The University of Notre Dame Alumni Association has awarded 2020 Lennon Life Prizes to the Notre Dame Clubs of Chicago, Dallas, Los Angeles and St. Louis in recognition of the clubs’ special impacts in defense of human life.
The Lennon Life Prize is part of the Chuck and Joan Lennon Gospel of Life Initiative, a set of programs aimed at activating the University’s robust clubs network to be forces of good in upholding the value of life at all stages.
The winning clubs will receive $5,000 each to execute projects that support vulnerable populations.
Five clubs will receive $500 honorable mention awards: Atlanta, Boca Raton, Williamsport, Greensburg/Uniontown and Hilton Head.
The Lennon Gospel of Life Initiative was co-created with Chuck and Joan Lennon. Chuck Lennon, who served as executive director of the Alumni Association and associate vice president of University relations for 31 years, retired in 2011 and died in 2019.
As a result of donations to the Lennon Gospel of Life Initiative in his memory, the Alumni Association was able to expand the Lennon Life Prize from three to four winners this year.
“Even during challenging times such as these, we continue to be inspired by the initiative and creativity of so many of our clubs, especially in this sacred work of protecting the vulnerable in the world,” said Dolly Duffy, class of ’84, executive director of the Alumni Association and associate vice president of University relations. “While we all miss Chuck dearly, it is wonderful to witness his legacy living on through this initiative and to see it expand this year due to funds donated in his memory.”
The Notre Dame Club of Chicago will be working with underserved mothers who are pregnant or have recently had a child. In conjunction with St. Bernard Hospital in inner-city Chicago, the club will work to educate and assist mothers during the crucial times of their pregnancies and the early years of raising their children, reducing infant mortality and creating a network of support.
The Notre Dame Club of Dallas plans to focus on victims of domestic violence along with a local organization, The Family Place. The club plans to develop a number of projects such as care kits, site improvements and food and linen drives. The overall goal is to further the outreach of caring for families affected by violence, especially as they transition from abusive situations to points of recovery.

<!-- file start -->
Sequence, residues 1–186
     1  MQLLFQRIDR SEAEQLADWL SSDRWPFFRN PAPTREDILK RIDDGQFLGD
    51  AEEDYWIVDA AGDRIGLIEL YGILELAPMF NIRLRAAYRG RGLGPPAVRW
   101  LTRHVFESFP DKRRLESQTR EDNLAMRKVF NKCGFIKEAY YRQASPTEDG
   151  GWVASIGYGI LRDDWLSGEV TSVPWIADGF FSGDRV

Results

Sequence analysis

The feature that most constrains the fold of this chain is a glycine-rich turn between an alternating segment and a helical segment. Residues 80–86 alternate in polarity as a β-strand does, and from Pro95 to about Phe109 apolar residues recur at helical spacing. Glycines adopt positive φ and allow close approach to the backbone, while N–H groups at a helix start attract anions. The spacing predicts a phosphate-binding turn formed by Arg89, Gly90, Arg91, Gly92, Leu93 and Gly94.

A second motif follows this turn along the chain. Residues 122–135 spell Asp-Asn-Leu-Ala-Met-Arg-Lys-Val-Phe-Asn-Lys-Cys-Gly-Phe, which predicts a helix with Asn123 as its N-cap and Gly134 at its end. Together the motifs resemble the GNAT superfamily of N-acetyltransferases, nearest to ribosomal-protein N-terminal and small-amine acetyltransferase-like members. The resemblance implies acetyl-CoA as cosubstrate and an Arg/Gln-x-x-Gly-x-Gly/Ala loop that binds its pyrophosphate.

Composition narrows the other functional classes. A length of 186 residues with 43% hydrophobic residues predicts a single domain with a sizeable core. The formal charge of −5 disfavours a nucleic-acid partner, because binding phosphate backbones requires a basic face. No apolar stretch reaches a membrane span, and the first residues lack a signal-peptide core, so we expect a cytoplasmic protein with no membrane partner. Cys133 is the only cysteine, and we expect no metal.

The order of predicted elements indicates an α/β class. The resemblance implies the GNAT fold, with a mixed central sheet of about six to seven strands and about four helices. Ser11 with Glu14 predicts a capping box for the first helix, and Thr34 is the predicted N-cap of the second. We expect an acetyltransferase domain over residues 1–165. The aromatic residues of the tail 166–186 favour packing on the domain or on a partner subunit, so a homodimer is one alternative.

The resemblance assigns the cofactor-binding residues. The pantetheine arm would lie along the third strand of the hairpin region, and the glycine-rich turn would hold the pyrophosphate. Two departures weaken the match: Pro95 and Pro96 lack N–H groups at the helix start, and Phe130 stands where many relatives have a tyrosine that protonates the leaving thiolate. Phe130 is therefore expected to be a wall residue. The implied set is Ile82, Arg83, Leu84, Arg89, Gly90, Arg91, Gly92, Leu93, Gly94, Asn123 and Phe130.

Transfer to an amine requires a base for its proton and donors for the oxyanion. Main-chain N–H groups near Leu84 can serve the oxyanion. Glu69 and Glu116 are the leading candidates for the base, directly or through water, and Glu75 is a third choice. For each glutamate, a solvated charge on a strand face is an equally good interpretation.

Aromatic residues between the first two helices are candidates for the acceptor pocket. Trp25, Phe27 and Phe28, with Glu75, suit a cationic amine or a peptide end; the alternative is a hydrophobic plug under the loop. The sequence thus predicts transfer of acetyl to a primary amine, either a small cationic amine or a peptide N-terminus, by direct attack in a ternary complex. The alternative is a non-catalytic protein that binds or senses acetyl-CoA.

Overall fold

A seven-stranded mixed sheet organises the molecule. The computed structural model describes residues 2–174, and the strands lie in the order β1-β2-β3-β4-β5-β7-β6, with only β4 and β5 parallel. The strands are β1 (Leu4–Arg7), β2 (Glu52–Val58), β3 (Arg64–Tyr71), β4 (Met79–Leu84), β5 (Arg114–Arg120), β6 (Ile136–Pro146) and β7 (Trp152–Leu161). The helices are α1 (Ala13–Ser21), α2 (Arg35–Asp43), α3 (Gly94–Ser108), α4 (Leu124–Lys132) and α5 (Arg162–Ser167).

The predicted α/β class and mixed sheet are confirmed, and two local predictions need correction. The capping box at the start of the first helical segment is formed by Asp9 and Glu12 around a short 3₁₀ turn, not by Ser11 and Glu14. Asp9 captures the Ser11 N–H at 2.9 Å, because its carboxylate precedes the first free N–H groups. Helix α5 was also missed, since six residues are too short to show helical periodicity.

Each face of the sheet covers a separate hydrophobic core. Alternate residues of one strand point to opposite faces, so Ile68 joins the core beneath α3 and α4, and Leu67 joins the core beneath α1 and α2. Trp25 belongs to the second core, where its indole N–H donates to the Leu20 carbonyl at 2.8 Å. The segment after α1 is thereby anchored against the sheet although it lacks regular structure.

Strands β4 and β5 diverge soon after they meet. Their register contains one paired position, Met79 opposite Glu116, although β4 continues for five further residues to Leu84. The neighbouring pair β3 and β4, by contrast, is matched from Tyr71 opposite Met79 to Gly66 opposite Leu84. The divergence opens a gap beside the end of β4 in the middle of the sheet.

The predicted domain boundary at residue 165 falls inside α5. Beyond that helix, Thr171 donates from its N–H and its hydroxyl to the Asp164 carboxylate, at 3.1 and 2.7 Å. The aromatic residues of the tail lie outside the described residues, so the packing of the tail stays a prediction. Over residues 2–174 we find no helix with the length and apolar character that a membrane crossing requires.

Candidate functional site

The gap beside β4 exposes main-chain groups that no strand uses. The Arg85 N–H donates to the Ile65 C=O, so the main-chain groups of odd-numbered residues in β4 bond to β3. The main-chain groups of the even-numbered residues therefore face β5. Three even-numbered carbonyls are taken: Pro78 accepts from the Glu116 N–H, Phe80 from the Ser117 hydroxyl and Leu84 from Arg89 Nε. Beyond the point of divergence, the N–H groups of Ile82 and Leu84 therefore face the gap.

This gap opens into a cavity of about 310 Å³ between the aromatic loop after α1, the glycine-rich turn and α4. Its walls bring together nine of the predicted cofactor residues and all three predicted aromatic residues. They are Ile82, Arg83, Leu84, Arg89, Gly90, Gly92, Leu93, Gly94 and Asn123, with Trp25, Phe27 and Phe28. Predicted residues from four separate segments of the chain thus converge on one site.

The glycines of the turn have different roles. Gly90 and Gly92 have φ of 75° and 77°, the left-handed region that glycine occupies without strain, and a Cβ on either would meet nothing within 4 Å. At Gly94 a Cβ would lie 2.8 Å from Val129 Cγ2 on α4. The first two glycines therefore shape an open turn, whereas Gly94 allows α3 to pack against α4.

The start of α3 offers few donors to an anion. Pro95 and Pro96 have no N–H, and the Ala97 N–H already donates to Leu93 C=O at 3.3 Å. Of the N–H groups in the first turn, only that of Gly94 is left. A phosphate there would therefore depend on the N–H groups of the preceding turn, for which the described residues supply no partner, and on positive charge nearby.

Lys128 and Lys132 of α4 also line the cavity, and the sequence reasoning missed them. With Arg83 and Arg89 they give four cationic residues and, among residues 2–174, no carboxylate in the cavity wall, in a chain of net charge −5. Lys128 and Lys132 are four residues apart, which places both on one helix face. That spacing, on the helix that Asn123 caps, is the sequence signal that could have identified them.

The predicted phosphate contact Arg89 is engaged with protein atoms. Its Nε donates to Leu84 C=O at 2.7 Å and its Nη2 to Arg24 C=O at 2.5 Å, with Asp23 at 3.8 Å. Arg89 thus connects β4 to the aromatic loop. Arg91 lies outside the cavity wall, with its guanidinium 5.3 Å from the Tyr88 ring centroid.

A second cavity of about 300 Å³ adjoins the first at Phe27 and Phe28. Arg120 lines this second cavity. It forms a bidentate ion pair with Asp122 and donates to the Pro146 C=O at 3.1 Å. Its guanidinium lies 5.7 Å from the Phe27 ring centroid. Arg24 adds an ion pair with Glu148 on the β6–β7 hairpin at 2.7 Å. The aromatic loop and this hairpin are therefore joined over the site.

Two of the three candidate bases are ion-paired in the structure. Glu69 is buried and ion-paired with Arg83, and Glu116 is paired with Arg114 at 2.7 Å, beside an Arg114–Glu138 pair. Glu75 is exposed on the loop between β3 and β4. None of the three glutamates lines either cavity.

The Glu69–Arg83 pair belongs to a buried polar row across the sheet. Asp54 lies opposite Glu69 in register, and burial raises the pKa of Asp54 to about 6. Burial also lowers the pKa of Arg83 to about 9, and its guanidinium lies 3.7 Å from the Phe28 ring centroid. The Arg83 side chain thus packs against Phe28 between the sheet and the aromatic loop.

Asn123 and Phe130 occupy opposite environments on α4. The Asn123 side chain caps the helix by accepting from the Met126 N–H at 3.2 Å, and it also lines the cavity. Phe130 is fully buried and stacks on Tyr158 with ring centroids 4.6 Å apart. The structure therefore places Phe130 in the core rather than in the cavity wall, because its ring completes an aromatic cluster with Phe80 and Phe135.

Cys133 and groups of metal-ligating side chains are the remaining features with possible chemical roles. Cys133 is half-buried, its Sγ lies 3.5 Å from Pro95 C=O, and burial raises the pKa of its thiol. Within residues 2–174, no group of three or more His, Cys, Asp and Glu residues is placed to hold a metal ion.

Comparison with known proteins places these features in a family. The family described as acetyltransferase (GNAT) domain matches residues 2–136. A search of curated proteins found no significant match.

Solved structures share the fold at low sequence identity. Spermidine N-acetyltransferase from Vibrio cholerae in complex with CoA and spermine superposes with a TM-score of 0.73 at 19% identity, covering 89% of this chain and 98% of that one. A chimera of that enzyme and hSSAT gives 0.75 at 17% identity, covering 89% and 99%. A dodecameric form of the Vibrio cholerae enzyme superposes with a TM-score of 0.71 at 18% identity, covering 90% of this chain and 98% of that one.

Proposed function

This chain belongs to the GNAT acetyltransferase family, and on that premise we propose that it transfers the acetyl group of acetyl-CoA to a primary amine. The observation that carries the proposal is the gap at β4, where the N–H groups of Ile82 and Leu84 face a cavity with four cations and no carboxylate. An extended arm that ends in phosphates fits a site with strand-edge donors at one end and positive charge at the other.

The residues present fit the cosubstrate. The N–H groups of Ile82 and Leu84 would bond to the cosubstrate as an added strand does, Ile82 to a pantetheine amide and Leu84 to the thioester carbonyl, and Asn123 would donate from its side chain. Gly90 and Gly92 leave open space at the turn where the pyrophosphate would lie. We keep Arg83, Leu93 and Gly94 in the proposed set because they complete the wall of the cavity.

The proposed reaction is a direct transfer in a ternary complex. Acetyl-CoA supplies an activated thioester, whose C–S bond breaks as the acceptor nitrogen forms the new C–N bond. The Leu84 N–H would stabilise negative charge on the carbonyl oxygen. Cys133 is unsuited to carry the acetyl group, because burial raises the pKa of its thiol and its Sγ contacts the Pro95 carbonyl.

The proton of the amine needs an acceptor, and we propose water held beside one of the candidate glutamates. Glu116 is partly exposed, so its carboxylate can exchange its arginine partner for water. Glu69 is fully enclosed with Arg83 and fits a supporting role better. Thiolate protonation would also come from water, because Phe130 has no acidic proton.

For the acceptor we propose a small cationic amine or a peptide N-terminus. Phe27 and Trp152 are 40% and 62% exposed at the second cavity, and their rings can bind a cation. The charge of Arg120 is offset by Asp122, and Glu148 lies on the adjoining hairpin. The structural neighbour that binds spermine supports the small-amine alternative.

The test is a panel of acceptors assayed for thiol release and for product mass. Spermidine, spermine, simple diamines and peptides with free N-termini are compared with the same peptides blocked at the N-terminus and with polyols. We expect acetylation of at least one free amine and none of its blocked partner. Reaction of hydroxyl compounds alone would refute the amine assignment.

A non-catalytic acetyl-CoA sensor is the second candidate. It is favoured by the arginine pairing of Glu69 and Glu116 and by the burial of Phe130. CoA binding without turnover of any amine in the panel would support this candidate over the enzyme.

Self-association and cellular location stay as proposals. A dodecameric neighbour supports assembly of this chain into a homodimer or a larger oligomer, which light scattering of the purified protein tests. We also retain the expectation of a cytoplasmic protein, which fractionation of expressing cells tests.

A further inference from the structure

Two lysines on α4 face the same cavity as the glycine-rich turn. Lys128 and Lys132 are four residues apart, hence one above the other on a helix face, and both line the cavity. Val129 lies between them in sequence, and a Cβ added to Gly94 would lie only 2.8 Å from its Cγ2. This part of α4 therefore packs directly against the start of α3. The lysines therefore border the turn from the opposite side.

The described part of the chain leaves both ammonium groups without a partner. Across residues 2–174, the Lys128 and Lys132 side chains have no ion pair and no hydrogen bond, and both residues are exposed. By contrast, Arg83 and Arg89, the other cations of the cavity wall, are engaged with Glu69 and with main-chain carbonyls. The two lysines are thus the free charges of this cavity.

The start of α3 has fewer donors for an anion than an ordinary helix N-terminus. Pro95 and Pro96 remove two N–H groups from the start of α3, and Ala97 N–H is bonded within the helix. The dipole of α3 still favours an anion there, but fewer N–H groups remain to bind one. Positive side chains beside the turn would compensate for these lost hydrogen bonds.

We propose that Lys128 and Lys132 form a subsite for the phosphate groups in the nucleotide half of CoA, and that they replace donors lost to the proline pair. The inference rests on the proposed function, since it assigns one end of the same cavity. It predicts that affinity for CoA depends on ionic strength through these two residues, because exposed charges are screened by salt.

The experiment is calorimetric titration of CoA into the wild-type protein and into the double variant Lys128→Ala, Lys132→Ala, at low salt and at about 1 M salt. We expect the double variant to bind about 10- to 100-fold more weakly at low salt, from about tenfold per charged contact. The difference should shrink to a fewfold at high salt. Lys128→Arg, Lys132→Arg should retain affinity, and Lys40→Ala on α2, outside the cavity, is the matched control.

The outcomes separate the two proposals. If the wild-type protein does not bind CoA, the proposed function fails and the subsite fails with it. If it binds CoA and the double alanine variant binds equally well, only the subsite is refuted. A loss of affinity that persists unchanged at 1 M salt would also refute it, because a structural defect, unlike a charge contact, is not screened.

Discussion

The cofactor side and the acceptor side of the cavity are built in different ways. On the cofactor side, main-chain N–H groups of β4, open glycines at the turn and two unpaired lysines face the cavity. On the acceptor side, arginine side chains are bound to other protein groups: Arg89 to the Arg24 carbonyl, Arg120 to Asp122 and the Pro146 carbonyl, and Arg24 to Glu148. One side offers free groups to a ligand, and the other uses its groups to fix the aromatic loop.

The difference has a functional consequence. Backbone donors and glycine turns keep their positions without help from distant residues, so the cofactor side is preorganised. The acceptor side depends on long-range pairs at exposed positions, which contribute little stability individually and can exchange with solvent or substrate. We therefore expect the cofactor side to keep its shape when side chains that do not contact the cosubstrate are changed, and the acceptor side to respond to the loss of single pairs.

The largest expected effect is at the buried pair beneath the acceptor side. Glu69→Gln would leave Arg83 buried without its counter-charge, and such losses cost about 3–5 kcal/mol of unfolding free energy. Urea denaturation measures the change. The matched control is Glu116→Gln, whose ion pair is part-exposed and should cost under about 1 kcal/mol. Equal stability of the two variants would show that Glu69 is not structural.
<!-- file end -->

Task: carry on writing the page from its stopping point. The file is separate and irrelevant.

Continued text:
The Notre Dame Club of Los Angeles seeks to aid women experiencing homelessness or abusive situations. The club’s strategy is to provide networking, skills training and job opportunities as women rebuild their lives and help their children. Hosting a number of events throughout the year, the club hopes to develop best practices that can be shared across the clubs network.
The Notre Dame Club of St. Louis aims to serve disadvantaged youth in need of additional educational access. The club plans to work with Claver House, a local organization that normally works with Notre Dame students through the Center for Social Concerns Summer Service Learning Program. The club and the students will eventually offer transportation, mentorship and educational opportunities to at-risk youth in the area.
The five clubs earning honorable mentions will perform a diverse array of projects that include outreach to those with disabilities, expectant mothers and babies, and those lacking food, educational or medical access.
Celebrating its 152nd year in 2020, the Notre Dame Alumni Association furthers the University’s mission of faith, learning and service by facilitating more meaningful, lifelong relationships within the global Notre Dame family.
For more information, visit my.nd.edu.
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